For example, in fine antique Chinese porcelain, no one can match Ralph M. Chait Galleries at 724 Fifth Avenue. Now celebrating its 100th year, the gallery has a wealth of Chinese export, monochromes, celadon and blue and white wares (along with ancient bronzes).

As usual, the highly respected Jim Lally, at 41 East 57th St., has practically sold out his current show, but hidden among the Chinese ceramics with red dots (meaning “sold”) are a few treasures, including an amazing survivor: a polished bronze “lion and grapevine” mirror from the Tang dynasty (7th century).

In the same building, Sydney Moss of London is showing extraordinary Chinese and Japanese calligraphy, paintings and works of art. As him to roll out a scroll or two.
Nagae Shigekazu
Forms in Succession #1, 2009
Porcelain with white glaze
9 1/2 x 14 x 14 inches
Joan B Mirviss Ltd.
Photo courtesy of Joan B. Mirviss Ltd, NY and Photography by Studio ESSA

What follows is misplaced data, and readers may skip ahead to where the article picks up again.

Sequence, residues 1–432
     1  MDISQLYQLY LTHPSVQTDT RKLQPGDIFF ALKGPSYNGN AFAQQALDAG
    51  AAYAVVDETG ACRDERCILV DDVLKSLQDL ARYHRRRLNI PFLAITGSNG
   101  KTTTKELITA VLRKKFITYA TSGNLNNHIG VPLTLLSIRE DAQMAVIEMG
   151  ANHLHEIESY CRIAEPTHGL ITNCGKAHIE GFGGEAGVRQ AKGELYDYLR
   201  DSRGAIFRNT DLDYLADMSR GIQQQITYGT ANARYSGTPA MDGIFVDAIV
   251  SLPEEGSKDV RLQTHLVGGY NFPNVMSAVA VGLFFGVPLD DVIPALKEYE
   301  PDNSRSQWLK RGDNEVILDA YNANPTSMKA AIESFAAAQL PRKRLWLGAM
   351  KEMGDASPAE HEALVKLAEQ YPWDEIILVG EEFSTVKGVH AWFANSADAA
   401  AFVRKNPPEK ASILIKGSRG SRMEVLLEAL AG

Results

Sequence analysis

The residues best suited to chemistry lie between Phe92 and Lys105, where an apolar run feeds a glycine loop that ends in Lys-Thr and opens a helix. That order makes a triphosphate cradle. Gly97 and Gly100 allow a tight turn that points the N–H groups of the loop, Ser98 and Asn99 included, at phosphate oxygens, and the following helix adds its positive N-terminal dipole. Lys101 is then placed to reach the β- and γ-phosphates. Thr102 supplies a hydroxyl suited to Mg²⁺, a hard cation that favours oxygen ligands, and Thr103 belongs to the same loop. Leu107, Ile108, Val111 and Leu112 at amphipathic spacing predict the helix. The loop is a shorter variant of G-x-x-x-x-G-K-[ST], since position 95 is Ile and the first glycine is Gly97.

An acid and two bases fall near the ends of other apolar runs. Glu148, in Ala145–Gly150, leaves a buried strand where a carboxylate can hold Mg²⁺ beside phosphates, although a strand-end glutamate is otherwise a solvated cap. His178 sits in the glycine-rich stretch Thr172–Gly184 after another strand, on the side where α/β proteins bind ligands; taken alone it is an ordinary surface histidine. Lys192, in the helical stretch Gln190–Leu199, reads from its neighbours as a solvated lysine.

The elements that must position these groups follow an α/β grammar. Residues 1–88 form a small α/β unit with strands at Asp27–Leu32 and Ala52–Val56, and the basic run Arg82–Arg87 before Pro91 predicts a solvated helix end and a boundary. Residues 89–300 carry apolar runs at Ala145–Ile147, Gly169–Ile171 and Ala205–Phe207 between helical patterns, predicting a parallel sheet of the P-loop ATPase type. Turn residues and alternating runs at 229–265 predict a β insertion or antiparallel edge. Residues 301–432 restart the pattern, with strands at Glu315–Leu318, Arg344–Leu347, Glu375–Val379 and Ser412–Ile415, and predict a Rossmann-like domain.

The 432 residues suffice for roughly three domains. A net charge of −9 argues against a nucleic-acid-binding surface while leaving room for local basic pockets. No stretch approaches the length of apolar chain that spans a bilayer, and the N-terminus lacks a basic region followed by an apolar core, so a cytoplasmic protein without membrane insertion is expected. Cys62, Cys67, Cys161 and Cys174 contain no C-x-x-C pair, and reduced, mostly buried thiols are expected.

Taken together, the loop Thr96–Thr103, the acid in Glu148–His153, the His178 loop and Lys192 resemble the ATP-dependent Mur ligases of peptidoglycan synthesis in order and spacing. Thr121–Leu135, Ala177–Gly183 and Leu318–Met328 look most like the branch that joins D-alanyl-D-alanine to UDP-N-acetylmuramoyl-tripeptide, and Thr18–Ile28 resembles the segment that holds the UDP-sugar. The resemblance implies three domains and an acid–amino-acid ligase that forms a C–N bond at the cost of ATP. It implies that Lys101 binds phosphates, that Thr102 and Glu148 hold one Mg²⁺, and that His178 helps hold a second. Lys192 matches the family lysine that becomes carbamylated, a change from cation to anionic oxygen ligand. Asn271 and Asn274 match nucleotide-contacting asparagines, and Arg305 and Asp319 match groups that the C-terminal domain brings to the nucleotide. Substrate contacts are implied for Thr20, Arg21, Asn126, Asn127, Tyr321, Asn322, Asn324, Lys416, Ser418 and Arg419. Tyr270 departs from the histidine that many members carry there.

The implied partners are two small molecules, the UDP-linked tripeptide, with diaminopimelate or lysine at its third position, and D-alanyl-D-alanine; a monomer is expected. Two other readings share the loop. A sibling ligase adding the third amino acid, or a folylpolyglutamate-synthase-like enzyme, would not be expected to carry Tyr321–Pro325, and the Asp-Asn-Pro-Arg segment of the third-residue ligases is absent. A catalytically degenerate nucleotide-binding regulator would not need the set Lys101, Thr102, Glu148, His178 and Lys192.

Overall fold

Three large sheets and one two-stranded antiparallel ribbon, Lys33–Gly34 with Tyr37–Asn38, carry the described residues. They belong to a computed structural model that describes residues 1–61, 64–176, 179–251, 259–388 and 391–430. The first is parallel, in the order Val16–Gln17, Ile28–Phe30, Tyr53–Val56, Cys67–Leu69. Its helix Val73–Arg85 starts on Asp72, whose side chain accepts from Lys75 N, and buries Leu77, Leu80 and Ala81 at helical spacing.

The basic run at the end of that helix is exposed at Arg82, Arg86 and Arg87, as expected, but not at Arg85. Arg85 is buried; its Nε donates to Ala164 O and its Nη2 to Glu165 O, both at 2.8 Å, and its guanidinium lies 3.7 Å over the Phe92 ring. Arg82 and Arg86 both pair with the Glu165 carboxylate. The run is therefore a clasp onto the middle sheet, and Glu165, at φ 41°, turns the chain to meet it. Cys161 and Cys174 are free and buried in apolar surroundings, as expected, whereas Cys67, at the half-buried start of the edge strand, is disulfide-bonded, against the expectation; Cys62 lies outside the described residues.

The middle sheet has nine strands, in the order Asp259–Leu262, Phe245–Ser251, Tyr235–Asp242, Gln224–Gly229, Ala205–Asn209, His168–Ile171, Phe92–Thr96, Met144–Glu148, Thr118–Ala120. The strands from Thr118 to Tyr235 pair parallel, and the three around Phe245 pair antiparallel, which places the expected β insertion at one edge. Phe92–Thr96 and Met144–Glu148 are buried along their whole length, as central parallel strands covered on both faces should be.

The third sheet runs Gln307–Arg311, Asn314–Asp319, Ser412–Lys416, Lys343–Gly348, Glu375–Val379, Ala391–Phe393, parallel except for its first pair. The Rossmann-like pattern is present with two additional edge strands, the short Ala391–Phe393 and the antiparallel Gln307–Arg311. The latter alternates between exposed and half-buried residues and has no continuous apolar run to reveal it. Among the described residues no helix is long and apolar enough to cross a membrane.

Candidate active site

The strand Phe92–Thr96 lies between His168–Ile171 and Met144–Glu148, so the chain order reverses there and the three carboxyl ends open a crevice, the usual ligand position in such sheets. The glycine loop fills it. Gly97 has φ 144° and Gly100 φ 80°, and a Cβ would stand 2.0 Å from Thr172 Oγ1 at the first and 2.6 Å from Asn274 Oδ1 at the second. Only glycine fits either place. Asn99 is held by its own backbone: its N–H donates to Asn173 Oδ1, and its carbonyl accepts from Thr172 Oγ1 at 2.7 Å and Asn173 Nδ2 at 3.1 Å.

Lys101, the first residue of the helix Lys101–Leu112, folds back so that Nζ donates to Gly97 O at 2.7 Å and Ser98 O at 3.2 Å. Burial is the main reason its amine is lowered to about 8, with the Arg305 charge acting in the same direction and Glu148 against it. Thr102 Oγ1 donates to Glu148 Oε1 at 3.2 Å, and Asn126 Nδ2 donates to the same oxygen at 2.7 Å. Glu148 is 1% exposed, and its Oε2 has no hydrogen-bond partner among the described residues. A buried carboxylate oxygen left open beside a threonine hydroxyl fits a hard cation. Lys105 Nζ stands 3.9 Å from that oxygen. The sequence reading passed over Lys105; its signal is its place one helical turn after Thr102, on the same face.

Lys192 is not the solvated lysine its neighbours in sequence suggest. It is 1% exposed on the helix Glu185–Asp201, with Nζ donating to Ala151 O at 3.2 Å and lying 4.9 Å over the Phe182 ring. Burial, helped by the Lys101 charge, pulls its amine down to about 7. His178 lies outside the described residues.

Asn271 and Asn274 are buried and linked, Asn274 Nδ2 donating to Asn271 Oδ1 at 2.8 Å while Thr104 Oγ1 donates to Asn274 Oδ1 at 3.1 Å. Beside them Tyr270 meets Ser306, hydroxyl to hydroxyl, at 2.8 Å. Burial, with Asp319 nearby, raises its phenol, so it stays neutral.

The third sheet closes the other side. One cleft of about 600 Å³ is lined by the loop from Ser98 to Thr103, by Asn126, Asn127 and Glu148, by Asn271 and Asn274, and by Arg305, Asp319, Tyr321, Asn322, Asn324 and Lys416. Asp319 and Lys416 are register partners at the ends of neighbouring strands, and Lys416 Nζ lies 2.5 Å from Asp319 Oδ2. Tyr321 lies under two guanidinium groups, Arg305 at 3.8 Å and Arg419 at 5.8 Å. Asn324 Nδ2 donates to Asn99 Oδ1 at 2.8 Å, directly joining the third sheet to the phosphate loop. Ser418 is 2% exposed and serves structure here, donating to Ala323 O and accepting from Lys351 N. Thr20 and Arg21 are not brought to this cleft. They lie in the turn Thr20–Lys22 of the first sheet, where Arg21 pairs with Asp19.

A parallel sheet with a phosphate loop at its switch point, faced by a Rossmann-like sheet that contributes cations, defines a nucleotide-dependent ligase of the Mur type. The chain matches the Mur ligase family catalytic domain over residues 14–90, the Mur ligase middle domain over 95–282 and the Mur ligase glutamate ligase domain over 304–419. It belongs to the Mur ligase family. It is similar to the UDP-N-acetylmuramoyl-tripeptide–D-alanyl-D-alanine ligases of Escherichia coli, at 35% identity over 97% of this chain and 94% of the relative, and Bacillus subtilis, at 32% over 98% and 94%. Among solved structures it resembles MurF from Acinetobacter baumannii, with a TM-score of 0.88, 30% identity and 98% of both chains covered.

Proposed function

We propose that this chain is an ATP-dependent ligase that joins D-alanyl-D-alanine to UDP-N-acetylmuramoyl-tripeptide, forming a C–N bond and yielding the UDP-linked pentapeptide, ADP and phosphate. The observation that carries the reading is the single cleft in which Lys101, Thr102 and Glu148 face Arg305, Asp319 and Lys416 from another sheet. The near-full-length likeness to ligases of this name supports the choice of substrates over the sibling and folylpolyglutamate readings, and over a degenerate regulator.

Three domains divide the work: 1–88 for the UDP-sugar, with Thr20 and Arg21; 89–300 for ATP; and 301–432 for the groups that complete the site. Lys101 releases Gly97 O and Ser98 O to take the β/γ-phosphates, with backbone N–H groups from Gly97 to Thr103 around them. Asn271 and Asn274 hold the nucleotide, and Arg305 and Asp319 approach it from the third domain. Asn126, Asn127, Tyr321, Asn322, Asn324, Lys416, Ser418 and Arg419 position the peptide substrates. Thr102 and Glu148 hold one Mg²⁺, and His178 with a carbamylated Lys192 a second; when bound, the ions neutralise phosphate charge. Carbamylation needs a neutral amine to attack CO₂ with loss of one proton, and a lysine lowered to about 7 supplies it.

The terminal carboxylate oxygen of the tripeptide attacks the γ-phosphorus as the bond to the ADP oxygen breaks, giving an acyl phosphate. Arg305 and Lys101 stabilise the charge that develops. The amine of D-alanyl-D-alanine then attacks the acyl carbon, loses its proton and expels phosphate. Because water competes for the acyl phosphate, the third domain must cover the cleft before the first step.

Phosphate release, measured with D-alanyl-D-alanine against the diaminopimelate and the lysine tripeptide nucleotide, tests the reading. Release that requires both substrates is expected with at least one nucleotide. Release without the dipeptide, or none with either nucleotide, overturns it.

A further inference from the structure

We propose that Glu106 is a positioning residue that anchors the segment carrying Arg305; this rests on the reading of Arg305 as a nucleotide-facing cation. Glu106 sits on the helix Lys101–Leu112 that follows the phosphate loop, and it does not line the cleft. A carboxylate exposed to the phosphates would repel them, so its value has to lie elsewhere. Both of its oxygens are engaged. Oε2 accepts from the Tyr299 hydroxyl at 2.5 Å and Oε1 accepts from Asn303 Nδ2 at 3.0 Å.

Enaka Mugyu (1868-after 1924)
Feng-kan and Tiger
Kaikodo - Asian Art
White Cizhou Ware Petal Jar
Song dynasty, 11th- 12th century
Kaikodo - Asian Art
Across 57th St., Marcus Flacks has a show of exquisite Chinese objects made of Zitan wood, including brush pots, boxes and stands (some of them even affordable).

Just through Tuesday, March 23, Sebastian Izzard has taken over the Ukrainian Institute with the other members of the ultra-exclusive Japanese Art Dealers Association: Leighton Longhi, Erik Thomsen, Mika, Judith Dowling and Koichi Yanagi (they all specialize in pre-modern Japan). On one floor, the dealers collaborated on a show of screens, paintings and objects with a particularly delightful theme: humor in Japanese art (well worth a visit; the Japanese have a ribald sense of humor).
Lot 92
Property from an Important North American Collection
Bada Shanren
Two Mynas on a Rock
Ink on paper
Est. $400/600,000
Sotheby’s New York
Fine Chinese Ceramics & Works of Art
23 March 2010
Giving the Lyrics, 1954, An Ho
Ink and color on paper
Inscription by Zhang Mojun (1883-1965), an important female educator who studied at Columbia University around 1918
68 x 37 1/2 inches
China 2000 Fine Art
Izzard has lent his own gallery at 17 E. 76 St. to the London Gallery for a show of magnificent and rare Korean court celadons from the Koryo dynasty (912- 1392).